Mining

6:01pm

Mon February 28, 2011
Mine Safety in America

Massey Safety Chief Indicted in Mine Disaster Probe

Federal agents arrested a Massey Energy chief of security Monday on charges of lying to the FBI and obstructing the criminal investigation into last year's deadly mine disaster in West Virginia.

Hughie Elbert Stover, 60, of Clear Fork, W.Va., was indicted on Feb. 25. The indictment is the first in the mine disaster investigation and was unsealed after Stover's arrest Monday.

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3:33pm

Wed February 2, 2011
Business

Rare Earth Metals Crunch Prompts Concern in West

Denver-based Molycorp's Mountain Pass Mine in California
photo courtesy of Molycorp

Rare earth metals such as cerium and tantalum are needed to make everything from iPods and hybrid car batteries to wind turbines.  China is the world’s biggest producer of rare earths.  And the country’s looming decision to cut off exports could put a major strain on global supply. This has some technical colleges in the West ramping up their curriculum to train students to meet future demand. 

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4:16pm

Fri January 28, 2011
The Two-Way

Massey Continues To Shift Blame For Mine Explosion

Ten days after the Mine Safety and Health Administration (MSHA) reported its working theory about the deadly Upper Big Branch coal mine explosion, mine owner Massey Energy presented its latest findings Friday to reporters and the families of the 29 miners killed.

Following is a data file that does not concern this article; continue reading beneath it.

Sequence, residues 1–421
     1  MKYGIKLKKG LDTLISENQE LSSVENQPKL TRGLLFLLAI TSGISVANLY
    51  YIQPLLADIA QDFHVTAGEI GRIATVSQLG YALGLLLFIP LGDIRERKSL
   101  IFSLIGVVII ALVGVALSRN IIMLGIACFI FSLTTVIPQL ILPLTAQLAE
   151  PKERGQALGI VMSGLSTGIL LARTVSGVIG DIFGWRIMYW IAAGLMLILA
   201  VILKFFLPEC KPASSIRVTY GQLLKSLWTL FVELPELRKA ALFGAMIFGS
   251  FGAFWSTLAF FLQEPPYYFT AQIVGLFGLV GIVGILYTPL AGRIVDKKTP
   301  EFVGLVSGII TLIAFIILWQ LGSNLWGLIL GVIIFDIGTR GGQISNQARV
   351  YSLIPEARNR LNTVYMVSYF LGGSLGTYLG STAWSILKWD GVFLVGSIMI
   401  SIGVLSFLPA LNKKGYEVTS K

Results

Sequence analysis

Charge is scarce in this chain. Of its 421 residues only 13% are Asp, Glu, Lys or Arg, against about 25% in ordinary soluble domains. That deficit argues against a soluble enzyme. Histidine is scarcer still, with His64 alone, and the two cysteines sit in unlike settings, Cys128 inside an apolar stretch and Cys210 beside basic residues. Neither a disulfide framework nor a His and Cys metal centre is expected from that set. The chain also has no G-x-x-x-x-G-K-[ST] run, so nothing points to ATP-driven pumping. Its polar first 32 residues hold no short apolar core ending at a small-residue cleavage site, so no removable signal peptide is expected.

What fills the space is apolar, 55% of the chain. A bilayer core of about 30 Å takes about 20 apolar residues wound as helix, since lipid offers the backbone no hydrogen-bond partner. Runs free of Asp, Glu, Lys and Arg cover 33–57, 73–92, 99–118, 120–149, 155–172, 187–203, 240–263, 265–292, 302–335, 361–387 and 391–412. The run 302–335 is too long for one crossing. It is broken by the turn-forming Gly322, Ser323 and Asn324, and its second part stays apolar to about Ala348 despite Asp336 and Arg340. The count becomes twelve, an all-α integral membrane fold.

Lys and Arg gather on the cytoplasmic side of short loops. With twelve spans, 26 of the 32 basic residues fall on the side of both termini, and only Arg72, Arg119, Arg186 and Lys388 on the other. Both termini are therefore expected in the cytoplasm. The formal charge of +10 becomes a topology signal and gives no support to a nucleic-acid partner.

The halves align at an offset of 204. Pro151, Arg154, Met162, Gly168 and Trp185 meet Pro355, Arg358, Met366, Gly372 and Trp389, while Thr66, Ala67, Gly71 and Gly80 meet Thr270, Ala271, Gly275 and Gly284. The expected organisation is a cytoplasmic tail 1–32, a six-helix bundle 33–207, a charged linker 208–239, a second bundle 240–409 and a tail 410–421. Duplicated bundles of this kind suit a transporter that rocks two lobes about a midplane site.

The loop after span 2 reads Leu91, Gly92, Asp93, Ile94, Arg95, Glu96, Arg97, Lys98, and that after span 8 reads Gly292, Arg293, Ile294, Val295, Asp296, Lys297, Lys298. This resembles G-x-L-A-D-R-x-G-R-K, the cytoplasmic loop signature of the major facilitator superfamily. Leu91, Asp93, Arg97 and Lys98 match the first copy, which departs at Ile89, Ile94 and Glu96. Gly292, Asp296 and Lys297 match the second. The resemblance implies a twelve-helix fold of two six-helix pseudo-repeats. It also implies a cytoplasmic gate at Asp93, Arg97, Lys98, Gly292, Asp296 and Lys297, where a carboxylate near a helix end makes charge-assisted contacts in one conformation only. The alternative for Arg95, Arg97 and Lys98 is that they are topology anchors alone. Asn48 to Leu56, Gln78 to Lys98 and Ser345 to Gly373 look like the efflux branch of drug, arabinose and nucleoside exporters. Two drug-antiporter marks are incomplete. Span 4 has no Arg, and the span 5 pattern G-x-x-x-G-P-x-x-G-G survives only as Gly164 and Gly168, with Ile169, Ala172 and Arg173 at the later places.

"Our conclusion to date is different," said Massey Vice President and General Counsel Shane Harvey.

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4:49pm

Wed January 19, 2011
The Two-Way

Feds Illustrate Likely Cause Of Big Branch Mine Blast

Investigators from the Mine Safety and Health Administration today briefed reporters on what they believe caused the Upper Big Branch mine explosion that killed 29 in West Virginia last April.

Their working theory about the blast confirmed much of what we've already reported in our stories this morning and last Friday.

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4:16am

Wed January 19, 2011
NPR News Investigations

Feds Reveal Theory On Why W.Va. Mine Exploded

For four hours Tuesday night, investigators from the federal Mine Safety and Health Administration (MSHA) laid out their working theory about what happened April 5, just before a West Virginia coal mine exploded and 29 miners were killed.

They went through the explosion scenario step-by-step in an MSHA auditorium in Beckley, W.Va., filled with relatives of the victims, some weeping at times at the painful implications of the evidence.

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